Ways for someone to steal your identity a) Scamming you via email. b) Paying for a data breach on the dark web c) Stealing your mail d) resetting the PIN on your Experian credit freeze

The above title says almost everything. However, a few more details may be found in the Yahoo Finance web site at: https://yhoo.it/2CEnmHe

 

3 thoughts on “Ways for someone to steal your identity a) Scamming you via email. b) Paying for a data breach on the dark web c) Stealing your mail d) resetting the PIN on your Experian credit freeze

  1. I have a question and a comment.

    If you check the bureaus on a rotating quarterly basis as suggested in the article you end up checking each one once a year.

    Is this really all that helpful? Theoretically someone could be tapping into your account for nearly a year before you find out. And theory seems to be segueing into practicality at an alarming rate these days.

    Also, we live overseas, have citzenship in the new country and are quite settled. We will never need credit in the US again, but we’re stuck with this totally unneccesary exposure to identity theft simply so other people can make money.

    We found it difficult to institute these freezes from overseas. I wish there was some way we could opt out of the system entirely.

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    • —> Is this really all that helpful?

      I think that is a matter of personal opinion or preferences. However, I admit that I am a bit paranoid and like to know what is going on with my credit rating and a lot of other personal information that is not under my direct control. For me, I think the answer is “Yes, it is important to monitor credit ratings.” I don’t know if the credit bureau experts would agree with me or not.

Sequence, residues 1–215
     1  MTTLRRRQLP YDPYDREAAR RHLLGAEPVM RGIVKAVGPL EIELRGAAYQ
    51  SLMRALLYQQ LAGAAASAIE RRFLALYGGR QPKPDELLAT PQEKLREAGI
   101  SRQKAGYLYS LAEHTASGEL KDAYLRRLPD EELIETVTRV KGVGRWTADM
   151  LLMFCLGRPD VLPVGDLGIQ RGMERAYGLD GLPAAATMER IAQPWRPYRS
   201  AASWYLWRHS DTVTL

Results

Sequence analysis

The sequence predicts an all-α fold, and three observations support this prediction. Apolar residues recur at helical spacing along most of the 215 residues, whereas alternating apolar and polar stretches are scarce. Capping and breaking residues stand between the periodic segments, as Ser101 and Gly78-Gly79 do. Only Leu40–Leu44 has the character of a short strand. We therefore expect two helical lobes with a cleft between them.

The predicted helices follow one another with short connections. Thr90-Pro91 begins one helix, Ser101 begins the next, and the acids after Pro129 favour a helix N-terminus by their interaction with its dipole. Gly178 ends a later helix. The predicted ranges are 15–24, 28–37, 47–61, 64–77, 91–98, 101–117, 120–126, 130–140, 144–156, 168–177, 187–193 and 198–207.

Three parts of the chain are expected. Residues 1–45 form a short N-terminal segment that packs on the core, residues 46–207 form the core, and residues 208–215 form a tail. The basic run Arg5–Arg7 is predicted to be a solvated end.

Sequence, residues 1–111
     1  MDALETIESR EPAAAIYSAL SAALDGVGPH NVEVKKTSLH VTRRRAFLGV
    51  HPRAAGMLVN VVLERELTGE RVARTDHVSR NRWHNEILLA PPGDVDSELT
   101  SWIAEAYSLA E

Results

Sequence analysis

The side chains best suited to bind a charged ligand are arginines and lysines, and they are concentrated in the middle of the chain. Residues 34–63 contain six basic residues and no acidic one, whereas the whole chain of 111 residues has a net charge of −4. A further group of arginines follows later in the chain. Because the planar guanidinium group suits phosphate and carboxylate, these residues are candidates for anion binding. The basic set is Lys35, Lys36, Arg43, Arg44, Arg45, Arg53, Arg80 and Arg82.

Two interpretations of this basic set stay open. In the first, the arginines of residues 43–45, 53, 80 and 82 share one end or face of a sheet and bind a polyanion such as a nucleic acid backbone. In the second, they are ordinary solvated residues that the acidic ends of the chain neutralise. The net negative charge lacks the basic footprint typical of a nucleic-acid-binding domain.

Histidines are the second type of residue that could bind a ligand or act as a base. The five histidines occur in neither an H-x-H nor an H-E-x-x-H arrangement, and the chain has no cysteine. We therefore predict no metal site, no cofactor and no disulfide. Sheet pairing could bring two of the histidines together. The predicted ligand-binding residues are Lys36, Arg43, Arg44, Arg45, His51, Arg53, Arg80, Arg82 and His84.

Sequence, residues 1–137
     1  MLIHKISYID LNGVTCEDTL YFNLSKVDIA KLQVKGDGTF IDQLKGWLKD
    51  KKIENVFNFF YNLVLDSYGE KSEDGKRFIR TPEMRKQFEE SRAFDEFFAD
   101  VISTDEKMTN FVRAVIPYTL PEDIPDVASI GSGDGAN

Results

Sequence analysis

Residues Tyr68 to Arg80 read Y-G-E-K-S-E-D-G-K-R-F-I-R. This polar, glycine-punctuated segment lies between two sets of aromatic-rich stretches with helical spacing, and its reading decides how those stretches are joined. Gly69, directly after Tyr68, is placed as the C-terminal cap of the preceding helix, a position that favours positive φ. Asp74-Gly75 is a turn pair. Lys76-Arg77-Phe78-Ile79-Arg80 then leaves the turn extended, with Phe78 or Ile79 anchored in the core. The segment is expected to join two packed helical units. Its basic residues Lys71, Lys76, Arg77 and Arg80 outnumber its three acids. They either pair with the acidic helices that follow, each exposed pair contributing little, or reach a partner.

I have no experience with Americans or former Americans now living overseas so I cannot comment on that.

      Finally, I don’t check with the credit bureaus directly. Instead, my bank, the Mint.com budgeting service, an online stock broker that I use, and maybe some other companies will monitor your credit ratings for you and send you a MONTHLY report at no extra charge as long as you are a good customer. I use a couple of those services, rather than manually checking for myself only once every few months. I find that is easier and I get reports more often.

      Is that better? I think so. At least, it seems to work for me. Your mileage may vary.

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      • Thank you, Dick. Yes this is helpful. We’re going to have a call with our financial advisor later today and will ask if his bank offers this sort of credit check. We also have an excellent US bank we can ask.

        We had our credit card compromised twice the first year we moved. A courier was on our doorstep the next day with new cards. We’ve also caught attempts on our own (small purchases of a dollar, a top up of a Starbucks card in a western US state–and we don’t drink coffee). My sweetie is an accountant who checks our bank and credit card records at least weekly.

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